Nevertheless, most American children of the Cold War era understood Johnny Appleseed to be a member of the same team of frontier superheroes.  Boone, Crockett, Fink, Bunyan, and Chapman were all actors in a drama about transforming a continent. Crockett and Boone cleared the land of menacing Indians and wildlife; Fink helped make the interior rivers safe for commerce; Bunyan cleared the forest; and Appleseed planted fruit trees to prepare the land for white American farm families. In Cold War versions of these stories, Boone and Crockett reluctantly used violence as a last resort. These heroes protected American families from a red menace on television shows like Walt Disney Presents and Daniel Boone at a time when American soldiers were doing the same in other parts of the world. In that context, Johnny Appleseed symbolized the other American response to the threat, winning hearts and minds with charity and benevolence. If Crockett’s war against the Red Stick Creeks explained American military involvement in Korea, Appleseed’s unbounded benevolence was a metaphor for another approach to the same danger, manifested in American aid programs and organizations like the Peace Corps.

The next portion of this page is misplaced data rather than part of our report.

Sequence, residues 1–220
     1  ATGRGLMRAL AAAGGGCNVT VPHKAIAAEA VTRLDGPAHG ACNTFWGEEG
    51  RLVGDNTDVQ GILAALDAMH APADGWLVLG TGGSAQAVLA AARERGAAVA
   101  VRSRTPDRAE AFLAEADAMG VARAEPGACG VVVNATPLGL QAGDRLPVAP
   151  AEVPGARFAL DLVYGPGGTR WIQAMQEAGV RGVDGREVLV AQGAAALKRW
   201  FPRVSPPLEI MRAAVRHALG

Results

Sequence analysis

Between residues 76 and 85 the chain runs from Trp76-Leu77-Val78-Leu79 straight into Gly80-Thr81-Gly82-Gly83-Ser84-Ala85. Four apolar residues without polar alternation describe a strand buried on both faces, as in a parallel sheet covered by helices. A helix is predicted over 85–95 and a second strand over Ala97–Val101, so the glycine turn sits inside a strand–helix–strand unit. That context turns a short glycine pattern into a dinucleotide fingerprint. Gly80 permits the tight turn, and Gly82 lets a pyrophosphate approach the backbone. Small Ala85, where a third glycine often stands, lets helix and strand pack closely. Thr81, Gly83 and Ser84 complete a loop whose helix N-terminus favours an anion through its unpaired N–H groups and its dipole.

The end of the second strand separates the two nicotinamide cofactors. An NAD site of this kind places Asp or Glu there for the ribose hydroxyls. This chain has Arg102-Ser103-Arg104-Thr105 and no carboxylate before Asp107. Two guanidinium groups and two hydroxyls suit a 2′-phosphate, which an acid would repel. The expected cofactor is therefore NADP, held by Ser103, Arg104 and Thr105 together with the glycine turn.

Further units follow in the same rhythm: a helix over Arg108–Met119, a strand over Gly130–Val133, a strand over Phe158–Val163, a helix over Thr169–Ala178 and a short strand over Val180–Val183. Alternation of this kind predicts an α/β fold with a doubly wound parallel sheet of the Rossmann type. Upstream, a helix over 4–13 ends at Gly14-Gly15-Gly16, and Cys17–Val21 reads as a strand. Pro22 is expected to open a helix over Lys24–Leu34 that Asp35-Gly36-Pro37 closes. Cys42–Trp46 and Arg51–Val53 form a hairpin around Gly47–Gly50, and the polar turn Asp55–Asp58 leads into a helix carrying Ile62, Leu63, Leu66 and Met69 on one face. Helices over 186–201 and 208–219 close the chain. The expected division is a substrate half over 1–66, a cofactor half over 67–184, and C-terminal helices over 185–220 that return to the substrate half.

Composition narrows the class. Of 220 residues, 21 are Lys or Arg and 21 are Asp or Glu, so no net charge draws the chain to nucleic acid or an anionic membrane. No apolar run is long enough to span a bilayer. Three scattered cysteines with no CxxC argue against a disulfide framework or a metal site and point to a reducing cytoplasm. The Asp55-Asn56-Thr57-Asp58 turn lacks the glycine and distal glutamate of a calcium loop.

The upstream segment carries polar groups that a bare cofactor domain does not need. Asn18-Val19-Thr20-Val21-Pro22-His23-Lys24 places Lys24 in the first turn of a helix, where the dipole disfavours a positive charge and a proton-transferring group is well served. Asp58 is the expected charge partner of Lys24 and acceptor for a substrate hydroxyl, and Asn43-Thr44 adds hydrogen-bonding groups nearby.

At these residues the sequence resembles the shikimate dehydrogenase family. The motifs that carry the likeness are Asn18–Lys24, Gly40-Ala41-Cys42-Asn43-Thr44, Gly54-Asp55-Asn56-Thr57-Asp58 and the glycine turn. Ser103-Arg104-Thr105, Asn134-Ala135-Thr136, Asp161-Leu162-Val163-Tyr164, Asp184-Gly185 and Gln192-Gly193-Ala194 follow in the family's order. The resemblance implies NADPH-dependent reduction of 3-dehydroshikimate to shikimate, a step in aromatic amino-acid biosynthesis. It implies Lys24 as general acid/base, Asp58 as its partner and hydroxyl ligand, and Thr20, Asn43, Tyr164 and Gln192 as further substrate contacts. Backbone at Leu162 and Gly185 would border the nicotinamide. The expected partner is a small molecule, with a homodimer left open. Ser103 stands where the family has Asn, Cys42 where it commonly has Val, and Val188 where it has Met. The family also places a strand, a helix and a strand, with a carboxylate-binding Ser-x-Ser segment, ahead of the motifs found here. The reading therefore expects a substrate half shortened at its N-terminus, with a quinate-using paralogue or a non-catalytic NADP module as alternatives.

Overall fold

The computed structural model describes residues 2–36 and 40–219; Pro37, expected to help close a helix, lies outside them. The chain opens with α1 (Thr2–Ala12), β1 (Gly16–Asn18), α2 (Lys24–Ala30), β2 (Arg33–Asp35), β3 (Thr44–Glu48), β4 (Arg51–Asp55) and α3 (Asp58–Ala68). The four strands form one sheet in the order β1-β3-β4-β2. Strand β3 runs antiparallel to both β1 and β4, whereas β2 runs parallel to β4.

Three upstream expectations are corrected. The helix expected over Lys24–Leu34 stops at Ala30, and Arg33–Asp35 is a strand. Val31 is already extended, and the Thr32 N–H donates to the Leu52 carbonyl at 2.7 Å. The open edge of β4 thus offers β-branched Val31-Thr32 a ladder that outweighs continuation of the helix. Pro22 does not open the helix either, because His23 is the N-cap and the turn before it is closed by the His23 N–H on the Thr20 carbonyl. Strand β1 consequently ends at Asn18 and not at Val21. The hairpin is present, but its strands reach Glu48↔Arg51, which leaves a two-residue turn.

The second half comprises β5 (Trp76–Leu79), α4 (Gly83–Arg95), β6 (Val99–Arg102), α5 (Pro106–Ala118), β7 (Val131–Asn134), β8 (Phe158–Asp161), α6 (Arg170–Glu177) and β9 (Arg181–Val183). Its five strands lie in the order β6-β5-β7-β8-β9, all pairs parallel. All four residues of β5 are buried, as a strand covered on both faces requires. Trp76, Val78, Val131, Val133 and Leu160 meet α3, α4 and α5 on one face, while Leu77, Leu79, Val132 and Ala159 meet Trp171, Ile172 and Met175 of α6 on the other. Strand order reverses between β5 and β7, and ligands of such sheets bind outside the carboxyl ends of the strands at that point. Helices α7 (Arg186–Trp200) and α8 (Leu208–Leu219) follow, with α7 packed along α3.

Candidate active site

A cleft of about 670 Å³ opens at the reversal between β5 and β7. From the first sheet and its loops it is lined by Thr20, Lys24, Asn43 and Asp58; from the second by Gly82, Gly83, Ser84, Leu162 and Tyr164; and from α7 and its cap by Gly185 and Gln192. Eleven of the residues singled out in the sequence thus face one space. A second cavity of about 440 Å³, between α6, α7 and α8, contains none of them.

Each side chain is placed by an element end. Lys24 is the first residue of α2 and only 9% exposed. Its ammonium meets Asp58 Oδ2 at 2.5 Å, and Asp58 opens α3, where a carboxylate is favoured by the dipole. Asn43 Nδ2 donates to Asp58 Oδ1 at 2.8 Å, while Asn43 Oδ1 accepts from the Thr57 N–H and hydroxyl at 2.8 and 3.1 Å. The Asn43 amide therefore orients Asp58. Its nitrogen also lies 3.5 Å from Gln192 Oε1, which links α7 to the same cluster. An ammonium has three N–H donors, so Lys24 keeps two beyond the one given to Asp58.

Myth and Reality in the American Southwest


Today we are delighted to present American Orchard’s first-ever guest post, by Ben Railton, Professor of English and American Literature at Fitchburg State. Dr. Railton is the author of several publications, including the just-released Chinese Exclusion Act: What it Can Teach Us About America (Macmillan, 2013) as well as Redefining American Identity: From Cabeza deVaca to Barack Obama (Palgrave, 2011).  He also maintains the American Studies blog.

Myth and Reality in the American Southwest: On two folk heroes, and the competing frontier histories they reveal.